Look, e-commerce is hard. When it works, the cash register rings. When it doesn't, you're damn near invisible. Here is my very best advice, plus a bonus tip of mine that InvoiceBerry featured.
Track those damn conversions.
One of the biggest things you need to do immediately is set up conversion tracking for Facebook ads, Google AdWords, and Google Analytics. That way, you see exactly where your purchases are coming from.
Are you spending $1,000 per month on Facebook ads? Well, what if you're not generating any sales from it? One of the biggest things I see when working with a new client is a discrepancy between what feels like it's working and what really is. Tracking conversions helps you keep the feels out of it. Your inner-Spock will approve.
How many steps does it take to complete a purchase?
Did you know that most people don't make it past the first step of checkout? That's the kind of thing that should wake you up in the middle of the night. That is, until you optimize your website.
Think of it this way: Every extra click or extra page in the process is a chance to lose the user. Often times, e-commerce folks take that for granted. What's one more click, right? Well, if someone is trying to complete an order on their phone and their connection isn't great, sometimes that one extra click can be that breaking point where the person goes, "Aw hell, I'll just do this later."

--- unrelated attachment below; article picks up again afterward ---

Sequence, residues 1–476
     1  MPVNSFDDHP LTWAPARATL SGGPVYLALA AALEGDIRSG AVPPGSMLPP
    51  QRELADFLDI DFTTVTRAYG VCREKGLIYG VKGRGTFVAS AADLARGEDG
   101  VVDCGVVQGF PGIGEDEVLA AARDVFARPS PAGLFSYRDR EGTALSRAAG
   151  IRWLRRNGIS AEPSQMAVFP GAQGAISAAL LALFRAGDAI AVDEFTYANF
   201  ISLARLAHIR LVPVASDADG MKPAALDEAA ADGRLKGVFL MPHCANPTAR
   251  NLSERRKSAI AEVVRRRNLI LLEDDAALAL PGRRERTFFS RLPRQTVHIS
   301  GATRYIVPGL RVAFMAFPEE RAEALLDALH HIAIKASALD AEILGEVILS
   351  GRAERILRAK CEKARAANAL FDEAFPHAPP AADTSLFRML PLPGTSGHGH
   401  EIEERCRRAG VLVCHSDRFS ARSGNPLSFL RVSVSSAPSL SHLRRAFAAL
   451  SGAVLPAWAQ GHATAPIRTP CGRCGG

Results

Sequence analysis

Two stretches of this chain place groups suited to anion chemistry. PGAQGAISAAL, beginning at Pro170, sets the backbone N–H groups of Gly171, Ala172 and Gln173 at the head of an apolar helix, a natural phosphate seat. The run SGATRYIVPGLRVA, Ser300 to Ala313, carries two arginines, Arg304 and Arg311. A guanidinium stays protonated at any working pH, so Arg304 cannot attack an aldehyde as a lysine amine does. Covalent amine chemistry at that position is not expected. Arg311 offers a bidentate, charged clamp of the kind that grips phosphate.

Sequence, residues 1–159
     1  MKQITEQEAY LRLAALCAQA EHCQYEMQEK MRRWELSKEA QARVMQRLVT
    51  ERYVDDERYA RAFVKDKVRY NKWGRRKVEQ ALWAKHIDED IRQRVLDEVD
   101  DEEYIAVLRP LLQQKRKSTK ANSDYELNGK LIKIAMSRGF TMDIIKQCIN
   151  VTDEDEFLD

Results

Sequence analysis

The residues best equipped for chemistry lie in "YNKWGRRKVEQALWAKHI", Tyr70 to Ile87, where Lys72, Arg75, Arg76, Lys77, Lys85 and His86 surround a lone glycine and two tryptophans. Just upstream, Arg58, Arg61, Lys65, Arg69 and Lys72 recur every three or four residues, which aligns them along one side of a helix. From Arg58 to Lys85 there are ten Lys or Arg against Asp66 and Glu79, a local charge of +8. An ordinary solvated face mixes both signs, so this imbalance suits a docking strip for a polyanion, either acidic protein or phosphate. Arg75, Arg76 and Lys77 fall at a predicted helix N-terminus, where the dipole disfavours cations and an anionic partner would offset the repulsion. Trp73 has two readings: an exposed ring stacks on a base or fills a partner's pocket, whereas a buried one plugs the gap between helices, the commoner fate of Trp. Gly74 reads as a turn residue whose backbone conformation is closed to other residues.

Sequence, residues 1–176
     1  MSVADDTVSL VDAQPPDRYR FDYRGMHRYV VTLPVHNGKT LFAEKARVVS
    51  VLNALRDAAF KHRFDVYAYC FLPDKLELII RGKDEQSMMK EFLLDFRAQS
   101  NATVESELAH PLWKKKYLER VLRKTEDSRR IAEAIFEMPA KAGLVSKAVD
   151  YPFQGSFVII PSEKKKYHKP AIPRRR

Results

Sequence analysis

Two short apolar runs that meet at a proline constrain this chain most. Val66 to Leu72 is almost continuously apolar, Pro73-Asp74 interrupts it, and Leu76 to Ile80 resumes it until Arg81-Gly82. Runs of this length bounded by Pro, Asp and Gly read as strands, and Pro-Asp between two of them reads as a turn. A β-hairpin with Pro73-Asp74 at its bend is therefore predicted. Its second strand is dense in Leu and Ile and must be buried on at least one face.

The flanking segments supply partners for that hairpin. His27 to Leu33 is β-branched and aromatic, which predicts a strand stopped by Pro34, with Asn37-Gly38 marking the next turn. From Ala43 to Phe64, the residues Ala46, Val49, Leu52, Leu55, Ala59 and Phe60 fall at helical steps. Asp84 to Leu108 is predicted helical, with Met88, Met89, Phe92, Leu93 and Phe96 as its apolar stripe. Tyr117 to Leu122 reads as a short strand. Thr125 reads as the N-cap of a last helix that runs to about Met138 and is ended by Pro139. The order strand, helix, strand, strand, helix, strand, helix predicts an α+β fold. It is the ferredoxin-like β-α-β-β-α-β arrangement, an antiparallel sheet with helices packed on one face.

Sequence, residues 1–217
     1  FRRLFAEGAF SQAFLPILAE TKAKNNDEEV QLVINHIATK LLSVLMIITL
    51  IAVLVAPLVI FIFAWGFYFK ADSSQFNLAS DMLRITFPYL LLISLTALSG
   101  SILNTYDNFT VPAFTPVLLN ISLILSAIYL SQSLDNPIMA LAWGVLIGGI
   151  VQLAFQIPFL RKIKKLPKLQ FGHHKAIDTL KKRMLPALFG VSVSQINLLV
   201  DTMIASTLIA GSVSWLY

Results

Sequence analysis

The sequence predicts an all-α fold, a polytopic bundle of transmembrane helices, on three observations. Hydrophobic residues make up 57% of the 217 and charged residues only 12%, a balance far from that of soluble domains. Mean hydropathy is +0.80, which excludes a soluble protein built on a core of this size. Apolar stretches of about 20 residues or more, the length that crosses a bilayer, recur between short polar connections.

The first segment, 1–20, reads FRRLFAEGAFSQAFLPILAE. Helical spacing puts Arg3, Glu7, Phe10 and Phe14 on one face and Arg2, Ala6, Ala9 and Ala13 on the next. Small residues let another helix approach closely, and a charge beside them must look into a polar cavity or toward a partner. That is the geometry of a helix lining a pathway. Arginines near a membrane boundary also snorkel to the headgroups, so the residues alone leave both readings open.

And then they don't.
The solution? Pay close attention to the number of pages a user has to get through to complete a purchase. Try to cut that number down if possible. Then look at the number of actions a user has to take to complete a purchase. Can you cut that down, too? You'd be amazed. Eliminating a few clicks and one extra page can boost your conversion percentage by 10% or more -- without doing anything else.
Bonus tip: Transactional e-mails
It's a lot easier (and cheaper) to hang onto an existing customer than it is to acquire a new one. That's where automated e-mails can come into play.
Too often, people miss the boat on this one. Instead of using every possible point of contact to make your branding awesome, people usually have the worst automated e-mails.
"Thank you for your purchase."
"Your order has shipped."
That's it. Nothing fun. Nothing cool.
Look at these e-mails as another opportunity to shine. Bring people along on an adventure with you. Let them know that Cal in production is slaying your order as we speak. Tell them that a carrier pigeon just left the office with your beloved product. Follow up later on to see if they have any questions. Share something personal.
Remember, every piece of communication you have with a customer is a chance to make their experience a little bit better. Add 'em all up, and you might just have a customer for life. Automated, transactional e-mails are a great way to give people that personal touch -- at scale.